Jump to ratings and reviews
Rate this book

St. Just Mystery #1

Death of a Cozy Writer

Rate this book
From his eighteenth century English manor, rich Sir Adrian Beauclerk-Fisk writes mysteries and disinherits his four spoiled children in turn. At an engagement dinner, he announces his secret marriage to beautiful Violet, once charged with her husband's murder. Within hours, eldest son and hated appointed heir Ruthven is found cleaved to death by a medieval mace.

When Detective Chief Inspector St. Just arrives, a deadly calm goes beyond the usual English reserve. Soon Sir Adrian is found slumped over his writing desk – an ornate knife thrust into his heart. Using a Cornish brusqueness and brawn, can St. Just find the killer before another victim falls?

312 pages, ebook

First published July 1, 2008

Loading interface...
Loading interface...

About the author

G.M. Malliet

29 books629 followers
Award-winning author G.M. Malliet attended Oxford University and holds a graduate degree from the University of Cambridge. She now lives in the US.

She is represented by literary agent Mark Gottlieb of Trident Media Group, New York. Contact information for Mr. Gottlieb can be found at www.gmmalliet.com/contact.html, where you can also subscribe to her newsletter.

Follow her Amazon author page for book release updates.


Ratings & Reviews

What do you think?
Rate this book

Friends & Following

Create a free account to discover what your friends think of this book!

Community Reviews

5 stars
419 (12%)
4 stars
1,047 (32%)
3 stars
1,362 (41%)
2 stars
322 (9%)
1 star
99 (3%)
Displaying 1 - 30 of 462 reviews
Profile Image for Richard Derus.
2,975 reviews1,987 followers
April 3, 2014
Rating: 3.5* of five

A light and pleasant entertainment, worth the eyeblinks.

I don't think I'll pursue the series unless the second one falls in my lap somehow.

But many a cozy reader will lap this up! Find out why at Expendable Mudge Muses Aloud.

Profile Image for Laura.
132 reviews579 followers
July 7, 2016
Before you dismiss this as tacky light fiction, which I would have done if it didn’t appeal to my mania for country house murders, let me say that it had me laughing aloud on the first page. A dreadful old writer invites his offspring, all of whom loathe him, to his estate to celebrate his engagement to a glamorous socialite. It doesn’t take his kids long to dig up that she is suspected of murdering her first husband decades ago. The offspring would refuse their father's invitation (also maliciously extended to their mother, the ex-wife), except they'd run the risk of being cut out of his will — a prospect he’s tormented them with for years. So the troops assemble, in varying degrees of sobriety and sanity, to see if they can scuttle the engagement. At the very least, they can see what this woman is like; after all, it’s impossible that she actually loves their father, so is she hoping to cut in on their inheritance, or just secure an easy old age. . . or maybe murder him for the loot??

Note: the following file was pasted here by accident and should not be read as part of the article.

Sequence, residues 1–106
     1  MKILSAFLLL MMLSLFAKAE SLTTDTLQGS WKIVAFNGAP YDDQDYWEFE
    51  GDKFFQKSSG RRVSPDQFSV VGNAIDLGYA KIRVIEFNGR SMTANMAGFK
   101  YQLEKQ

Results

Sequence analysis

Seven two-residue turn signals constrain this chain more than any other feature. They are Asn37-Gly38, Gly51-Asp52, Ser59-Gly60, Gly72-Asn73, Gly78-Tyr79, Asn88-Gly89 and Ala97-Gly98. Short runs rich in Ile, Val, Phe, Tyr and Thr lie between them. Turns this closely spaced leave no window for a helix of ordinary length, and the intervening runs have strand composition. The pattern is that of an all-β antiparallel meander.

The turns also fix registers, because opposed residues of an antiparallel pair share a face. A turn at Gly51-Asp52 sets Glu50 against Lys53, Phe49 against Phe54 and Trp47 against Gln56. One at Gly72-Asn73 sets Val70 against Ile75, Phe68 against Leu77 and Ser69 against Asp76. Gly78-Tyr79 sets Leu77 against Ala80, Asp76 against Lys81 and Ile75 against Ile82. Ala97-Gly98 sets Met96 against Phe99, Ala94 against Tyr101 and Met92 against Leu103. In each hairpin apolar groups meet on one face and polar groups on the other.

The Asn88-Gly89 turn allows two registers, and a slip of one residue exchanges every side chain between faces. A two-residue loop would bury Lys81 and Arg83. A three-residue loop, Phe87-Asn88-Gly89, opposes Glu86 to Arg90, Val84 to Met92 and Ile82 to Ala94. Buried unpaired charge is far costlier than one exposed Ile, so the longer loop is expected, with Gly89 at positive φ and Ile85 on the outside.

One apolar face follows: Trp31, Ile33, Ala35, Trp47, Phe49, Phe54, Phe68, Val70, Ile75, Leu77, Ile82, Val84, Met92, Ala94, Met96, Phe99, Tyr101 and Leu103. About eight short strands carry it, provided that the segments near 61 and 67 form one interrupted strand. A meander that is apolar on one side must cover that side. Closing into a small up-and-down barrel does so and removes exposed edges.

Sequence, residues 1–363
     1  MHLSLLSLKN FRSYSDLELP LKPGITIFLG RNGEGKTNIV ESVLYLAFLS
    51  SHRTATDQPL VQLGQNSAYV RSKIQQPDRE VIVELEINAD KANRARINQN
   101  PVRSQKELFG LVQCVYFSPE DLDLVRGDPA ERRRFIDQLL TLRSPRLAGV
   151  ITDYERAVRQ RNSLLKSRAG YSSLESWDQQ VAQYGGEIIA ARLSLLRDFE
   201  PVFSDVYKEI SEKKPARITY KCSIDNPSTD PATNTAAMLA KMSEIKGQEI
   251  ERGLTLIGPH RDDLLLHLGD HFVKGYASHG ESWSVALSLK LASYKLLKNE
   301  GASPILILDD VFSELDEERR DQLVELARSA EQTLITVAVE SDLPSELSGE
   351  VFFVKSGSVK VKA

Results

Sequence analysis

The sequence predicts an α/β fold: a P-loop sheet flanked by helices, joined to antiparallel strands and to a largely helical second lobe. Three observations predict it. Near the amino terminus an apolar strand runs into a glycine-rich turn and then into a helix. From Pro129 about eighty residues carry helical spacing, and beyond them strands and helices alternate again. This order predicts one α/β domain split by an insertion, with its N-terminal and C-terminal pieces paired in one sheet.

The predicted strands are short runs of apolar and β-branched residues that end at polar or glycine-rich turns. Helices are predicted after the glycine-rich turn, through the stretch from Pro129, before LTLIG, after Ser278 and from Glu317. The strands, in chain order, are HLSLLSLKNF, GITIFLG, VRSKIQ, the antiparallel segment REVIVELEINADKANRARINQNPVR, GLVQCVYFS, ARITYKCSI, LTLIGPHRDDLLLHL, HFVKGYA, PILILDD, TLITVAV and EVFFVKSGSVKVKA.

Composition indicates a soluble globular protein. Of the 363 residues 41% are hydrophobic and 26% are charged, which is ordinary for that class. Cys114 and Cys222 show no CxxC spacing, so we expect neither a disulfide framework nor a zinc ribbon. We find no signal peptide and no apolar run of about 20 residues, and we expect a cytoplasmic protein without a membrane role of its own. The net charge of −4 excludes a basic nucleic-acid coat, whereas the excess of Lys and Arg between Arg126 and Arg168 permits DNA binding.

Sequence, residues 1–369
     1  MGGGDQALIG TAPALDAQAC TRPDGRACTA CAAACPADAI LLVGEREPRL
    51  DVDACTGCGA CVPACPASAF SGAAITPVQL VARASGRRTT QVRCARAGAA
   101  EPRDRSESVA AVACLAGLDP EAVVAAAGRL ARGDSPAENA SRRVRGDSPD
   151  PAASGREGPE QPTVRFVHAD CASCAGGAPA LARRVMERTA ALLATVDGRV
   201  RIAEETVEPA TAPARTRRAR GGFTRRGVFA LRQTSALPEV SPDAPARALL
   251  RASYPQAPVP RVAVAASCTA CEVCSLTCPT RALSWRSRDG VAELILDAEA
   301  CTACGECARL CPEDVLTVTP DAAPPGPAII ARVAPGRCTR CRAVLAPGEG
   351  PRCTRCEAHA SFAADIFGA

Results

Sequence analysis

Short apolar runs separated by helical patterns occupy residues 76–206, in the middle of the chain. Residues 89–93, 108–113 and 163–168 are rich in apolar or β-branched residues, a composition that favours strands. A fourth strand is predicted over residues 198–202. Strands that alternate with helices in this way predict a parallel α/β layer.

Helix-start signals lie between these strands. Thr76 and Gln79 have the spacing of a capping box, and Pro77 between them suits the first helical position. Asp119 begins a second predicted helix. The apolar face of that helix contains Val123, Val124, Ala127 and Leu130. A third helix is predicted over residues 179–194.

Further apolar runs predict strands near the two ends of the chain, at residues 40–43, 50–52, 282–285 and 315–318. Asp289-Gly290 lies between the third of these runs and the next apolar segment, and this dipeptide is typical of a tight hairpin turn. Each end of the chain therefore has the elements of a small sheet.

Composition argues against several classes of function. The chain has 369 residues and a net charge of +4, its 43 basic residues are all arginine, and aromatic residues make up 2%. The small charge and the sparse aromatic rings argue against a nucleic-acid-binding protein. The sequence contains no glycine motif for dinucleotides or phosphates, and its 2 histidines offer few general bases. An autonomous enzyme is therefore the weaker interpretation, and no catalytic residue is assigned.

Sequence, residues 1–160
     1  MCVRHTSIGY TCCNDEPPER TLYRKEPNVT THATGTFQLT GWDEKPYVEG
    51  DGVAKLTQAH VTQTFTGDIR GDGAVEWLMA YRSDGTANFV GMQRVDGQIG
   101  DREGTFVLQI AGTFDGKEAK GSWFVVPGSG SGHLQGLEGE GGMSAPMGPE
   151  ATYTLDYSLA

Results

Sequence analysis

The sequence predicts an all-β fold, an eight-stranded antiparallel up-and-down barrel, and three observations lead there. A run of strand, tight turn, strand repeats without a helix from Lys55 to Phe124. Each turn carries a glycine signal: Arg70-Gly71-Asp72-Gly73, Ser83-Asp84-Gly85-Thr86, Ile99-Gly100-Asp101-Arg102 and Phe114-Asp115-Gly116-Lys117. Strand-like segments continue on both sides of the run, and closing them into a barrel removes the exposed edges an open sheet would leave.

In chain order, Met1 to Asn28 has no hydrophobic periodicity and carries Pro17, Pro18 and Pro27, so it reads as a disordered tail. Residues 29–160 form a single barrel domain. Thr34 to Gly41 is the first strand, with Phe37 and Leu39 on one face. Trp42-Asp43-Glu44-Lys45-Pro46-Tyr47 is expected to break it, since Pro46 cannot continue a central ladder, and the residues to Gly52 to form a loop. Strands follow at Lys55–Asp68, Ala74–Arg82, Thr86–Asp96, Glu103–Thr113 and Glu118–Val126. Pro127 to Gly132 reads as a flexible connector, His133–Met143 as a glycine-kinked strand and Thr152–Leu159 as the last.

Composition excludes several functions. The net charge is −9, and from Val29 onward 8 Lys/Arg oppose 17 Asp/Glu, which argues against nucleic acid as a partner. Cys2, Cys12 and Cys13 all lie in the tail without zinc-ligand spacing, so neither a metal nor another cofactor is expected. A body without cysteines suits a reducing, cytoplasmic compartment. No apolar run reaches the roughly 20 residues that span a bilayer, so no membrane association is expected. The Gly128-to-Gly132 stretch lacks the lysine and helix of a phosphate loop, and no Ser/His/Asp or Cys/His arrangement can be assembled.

The characters are all so flamboyantly appalling that you don’t care who gets murdered, or why. Just watching them try to scheme and cope is entertaining enough (though I did develop a soft spot for the frumpy daughter who has made a name for herself publishing Bible-themed cookbooks). But the real delight is the writing — a pungent blend of dry wit and snarkiness.
Profile Image for Ellie.
1,493 reviews378 followers
April 9, 2011
I spent a delightful morning reading Death of a Cozy Writer: A St. Just Mystery by G.M. Malliet. I had to keep checking the date of publication (2008) because it was so reminiscent of my favorite mysteries of the 1930s. References of course to e-mail and the like kept startling me back into the time frame of the novel: now.

The structure of the story is the classic wealthy patriarch playing his (4) grown children against each other using his ever-changing will (& then upcoming nuptials) to keep them jumping. As usual, there are lethal consequences. The patriarch in this case is a fabulously successful (nice fantasy touch there!) writer but I was disappointed that this "book about books" hook was only tangentially touched upon. That, however, was my only disappointment.

The story is preceded by a cast of characters-a device of which I am particularly fond. I love to read the cast before I start the book, refer to it constantly while reading the book, and go over it after finishing the book to see if I missed any clues hidden in the list (don't expect me to give anything away here!). The book proceeds in a sprightly (not a word I get to use much, especially connected to murder) fashion to its Nick-and-Nora type finale with the cast of suspects all gathered together by the detective in charge (St. Just). This, btw, is another device to which I am especially partial. (btw, I hope you all noticed how I managed to keep those participles from dangling :D)

The writing is crisp and witty. The familiarity of the story and the characters is precisely what makes it feel cozy but Malliet pulls it off without becoming in any way stale. There were laugh out loud lines (not many books get me to do that, although I seem to have found several lately) and the story moved along at the perfect pace for me-a sort of trot, would be my description.

I recommend it to all cozy mystery fans, especially those who, like me, enjoy current wit mixed with a dash of nostalgia.
Profile Image for Hannah.
661 reviews53 followers
February 15, 2012
Death of a Cozy Writer was an "okay" read that fell a short of my expectations, but at least never went all the way to being disappointing. For all the humor and comfortingly familiar premise in the line of a traditional Agatha Christie novel, it just didn't have the same gripping suspense or an interesting detective character.